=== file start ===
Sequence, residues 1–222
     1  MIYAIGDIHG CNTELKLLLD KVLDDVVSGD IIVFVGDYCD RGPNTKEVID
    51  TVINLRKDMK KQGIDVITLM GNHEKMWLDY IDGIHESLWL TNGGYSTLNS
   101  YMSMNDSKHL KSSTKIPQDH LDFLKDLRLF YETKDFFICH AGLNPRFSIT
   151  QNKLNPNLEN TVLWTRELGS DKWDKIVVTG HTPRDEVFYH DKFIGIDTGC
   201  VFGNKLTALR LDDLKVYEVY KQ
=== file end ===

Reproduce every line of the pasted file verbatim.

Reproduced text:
Sequence, residues 1–222
     1  MIYAIGDIHG CNTELKLLLD KVLDDVVSGD IIVFVGDYCD RGPNTKEVID
    51  TVINLRKDMK KQGIDVITLM GNHEKMWLDY IDGIHESLWL TNGGYSTLNS
   101  YMSMNDSKHL KSSTKIPQDH LDFLKDLRLF YETKDFFICH AGLNPRFSIT
   151  QNKLNPNLEN TVLWTRELGS DKWDKIVVTG HTPRDEVFYH DKFIGIDTGC
   201  VFGNKLTALR LDDLKVYEVY KQ